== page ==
- Having uterine fibroids can worsen menstrual cramping
What are the symptoms of menstrual cramps?
Menstrual cramps are pains that begin in the lower abdomen and pelvis. The discomfort can extend to the lower back or legs. The cramps can be a quite painful or simply a dull ache. They can be periodic or continuous. Pain also may be felt in the inner thighs, or hips.
Menstrual cramps usually begin before the onset of menstrual period, peak within 24 hours after the onset of the bleeding, and subside again after a day or two.
Menstrual cramps may be accompanied by a headache and/or nausea, which can lead, although infrequently, to vomiting. Menstrual cramps can also be accompanied by either constipation or diarrhea, because the prostaglandins which cause smooth muscles to contract also affect the intestinal tract. Some women experience an urge to urinate more frequently.
How are menstrual cramps diagnosed?
The diagnosis of menstrual cramps is usually made by the woman herself and reflects her individual perception of pain. Once a woman has experienced menstrual cramps, usually with the adolescent onset of her monthly menstrual flow (menses), she becomes well aware of the typical symptoms. If there are other medical conditions contributing to menstrual cramps (secondary dysmenorrhea), the doctor may suggest diagnostic testing including imaging studies.
What is the treatment for common menstrual cramps (primary dysmenorrhea)?
Every woman needs to find a treatment that works for her. There are a number of possible remedies for menstrual cramps.
Current recommendations include not only adequate rest and sleep, but also regular exercise (especially walking). Some women find that abdominal massage, yoga, or orgasmic sexual activity may bring relief. A heating pad applied to the abdominal area may relieve the pain and congestion.
A number of nonprescription (over-the-counter) agents can help control the pain as well as actually prevent the menstrual cramps altogether. For mild cramps, aspirin, acetaminophen (Tylenol), or acetaminophen plus a diuretic (Diurex MPR, FEM-1, Midol, Pamprin, Premsyn, and others) may be sufficient. However, aspirin has limited effect in curbing the production of prostaglandin, and it is only useful for less painful cramps.
The main agents for treating moderate menstrual cramps are the nonsteroidal antiinflammatory drugs (NSAIDs) which lower the production of prostaglandin and lessen its effect. The NSAIDs that do not require a prescription are:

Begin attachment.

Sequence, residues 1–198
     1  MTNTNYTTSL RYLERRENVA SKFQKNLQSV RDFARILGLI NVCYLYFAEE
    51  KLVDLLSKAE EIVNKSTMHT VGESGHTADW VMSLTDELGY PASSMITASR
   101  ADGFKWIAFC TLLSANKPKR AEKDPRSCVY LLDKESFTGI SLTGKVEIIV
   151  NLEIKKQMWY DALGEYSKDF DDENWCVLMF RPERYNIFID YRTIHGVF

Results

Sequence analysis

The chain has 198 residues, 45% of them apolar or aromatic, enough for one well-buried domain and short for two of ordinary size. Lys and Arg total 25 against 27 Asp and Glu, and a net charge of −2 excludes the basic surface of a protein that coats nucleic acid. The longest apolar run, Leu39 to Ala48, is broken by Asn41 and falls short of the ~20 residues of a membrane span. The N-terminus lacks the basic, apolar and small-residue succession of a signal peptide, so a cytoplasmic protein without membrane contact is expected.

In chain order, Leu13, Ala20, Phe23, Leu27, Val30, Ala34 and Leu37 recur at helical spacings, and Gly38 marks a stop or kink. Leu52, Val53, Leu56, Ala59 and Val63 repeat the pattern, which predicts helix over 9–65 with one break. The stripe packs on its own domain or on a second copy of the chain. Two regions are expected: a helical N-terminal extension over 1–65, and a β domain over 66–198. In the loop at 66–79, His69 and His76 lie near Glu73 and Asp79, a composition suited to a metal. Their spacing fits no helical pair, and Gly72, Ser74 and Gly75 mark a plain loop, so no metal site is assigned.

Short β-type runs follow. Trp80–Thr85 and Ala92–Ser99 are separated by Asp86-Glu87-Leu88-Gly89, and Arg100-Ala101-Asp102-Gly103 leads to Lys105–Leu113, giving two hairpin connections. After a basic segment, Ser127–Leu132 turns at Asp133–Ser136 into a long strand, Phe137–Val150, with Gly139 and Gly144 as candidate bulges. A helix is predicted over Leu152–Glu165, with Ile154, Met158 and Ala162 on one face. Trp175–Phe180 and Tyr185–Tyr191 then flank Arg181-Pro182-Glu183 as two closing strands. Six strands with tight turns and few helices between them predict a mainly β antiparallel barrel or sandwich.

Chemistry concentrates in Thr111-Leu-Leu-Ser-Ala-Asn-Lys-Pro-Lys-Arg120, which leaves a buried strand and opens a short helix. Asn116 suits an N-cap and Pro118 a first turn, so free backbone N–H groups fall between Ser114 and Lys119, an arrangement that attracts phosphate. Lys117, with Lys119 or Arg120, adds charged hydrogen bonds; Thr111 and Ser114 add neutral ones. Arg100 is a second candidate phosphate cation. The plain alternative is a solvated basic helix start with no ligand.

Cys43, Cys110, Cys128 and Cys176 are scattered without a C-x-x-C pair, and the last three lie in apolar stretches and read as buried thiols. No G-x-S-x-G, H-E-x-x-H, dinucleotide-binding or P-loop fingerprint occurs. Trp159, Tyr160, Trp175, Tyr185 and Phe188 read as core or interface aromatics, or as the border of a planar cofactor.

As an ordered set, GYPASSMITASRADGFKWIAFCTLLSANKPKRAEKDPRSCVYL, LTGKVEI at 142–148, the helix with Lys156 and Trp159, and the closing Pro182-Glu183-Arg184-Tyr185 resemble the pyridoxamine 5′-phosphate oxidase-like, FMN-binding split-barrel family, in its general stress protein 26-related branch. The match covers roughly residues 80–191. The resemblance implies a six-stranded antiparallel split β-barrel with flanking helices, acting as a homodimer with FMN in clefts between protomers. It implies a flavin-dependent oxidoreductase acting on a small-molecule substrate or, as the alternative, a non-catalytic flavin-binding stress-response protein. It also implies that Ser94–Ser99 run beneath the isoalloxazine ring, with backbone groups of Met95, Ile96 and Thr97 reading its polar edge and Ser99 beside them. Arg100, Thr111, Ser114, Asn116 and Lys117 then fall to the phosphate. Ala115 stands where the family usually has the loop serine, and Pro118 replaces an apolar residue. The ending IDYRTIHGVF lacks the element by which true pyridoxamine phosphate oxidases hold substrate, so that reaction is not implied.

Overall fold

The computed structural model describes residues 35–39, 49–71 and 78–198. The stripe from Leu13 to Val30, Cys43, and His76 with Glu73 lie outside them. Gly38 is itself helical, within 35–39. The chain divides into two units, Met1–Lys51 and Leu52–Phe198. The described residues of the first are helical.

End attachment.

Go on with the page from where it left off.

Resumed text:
- ibuprofen (Advil, Midol IB, Motrin, Nuprin, and others);
- naproxen sodium (Aleve, Anaprox); and
- ketoprofen (Actron, Orudis KT).
A woman should start taking one of these medications before her pain becomes difficult to control. This might mean starting medication 1 to 2 days before her anticipated period is due, and then continuing taking the medication for the first one to two days of her period. The best results are obtained by taking one of the NSAIDs on a scheduled basis and not waiting for the pain to begin.
Prescription NSAIDs available for the treatment of menstrual cramps include mefenamic acid (Ponstel) and meclofenamate (Meclomen).
What if the cramps are very severe?
If a woman's menstrual cramps are too severe to be managed by these strategies, her doctor might prescribe low doses of birth control pills (oral contraceptives) containing estrogen and progestin in a regular or extended cycle. This type of approach can prevent ovulation (the monthly release of an egg) and reduce the production of prostaglandins which, in turn, reduces the severity of cramping.
Use of an IUD that releases small amounts of the progestin levonorgestrel directly into the uterine cavity, has been associated with a 50 percent reduction in the prevalence of menstrual cramps. In contrast, IUDs that do not contain hormones, such as those containing copper, may worsen menstrual cramps.
Are there surgical solutions?
In the past, many women with menstrual cramps had an operation known as a D & C (dilation and curettage) to remove some of the lining of the uterus. This procedure is also sometimes used as a diagnostic measure to detect cancer or precancerous conditions of the uterine lining. Some women even resorted to the ultimate solution to menstrual problems by having a hysterectomy, a surgical procedure in which the entire uterus is removed.
Today, when a woman has abnormally heavy and painful uterine bleeding, her doctor may recommend endometrial ablation, a procedure in which the lining of the uterus is destroyed by various devices.
What is the treatment of secondary dysmenorrhea?
The treatment of secondary dysmenorrhea depends on its cause. There are a number of underlying conditions which can contribute to the pain including:
- Endometriosis (cells from the uterine lining are located in other areas of the body outside of the uterus)
- Uterine fibroids (non-cancerous uterine growths that respond to estrogen levels)
- Adenomyosis (a benign condition in which the cells of the inner uterine lining invade its muscular wall, the myometrium)
- Pelvic inflammatory disease (PID)
- Adhesions (abnormal fibrous attachments between organs)
- Use of a copper intrauterine device (IUD) for contraception.
All of these conditions should be first diagnosed by a physician who will then recommend the optimal treatment.
If a woman begins to experience changes in her menstrual cramps, such as in their severity, timing, or location, she should consult her physician, especially if the changes are of sudden onset.
What is the long-term outlook (prognosis) for menstrual cramps?
In general, a woman's menstrual cramps do not worsen during her lifetime. In fact, the menstrual cramps of primary dysmenorrhea usually diminish with age and after pregnancy.
When there is secondary dysmenorrhea with an underlying condition contributing to the pain, the prognosis depends on the successful treatment of that underlying condition.
As women have learned more about their bodies and how to maintain them in optimal health, menstrual cramps have become less debilitating, and more often, merely a minor monthly inconvenience.
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Medically reviewed by Wayne Blocker, MD; Board Certified Obstetrics and Gynecology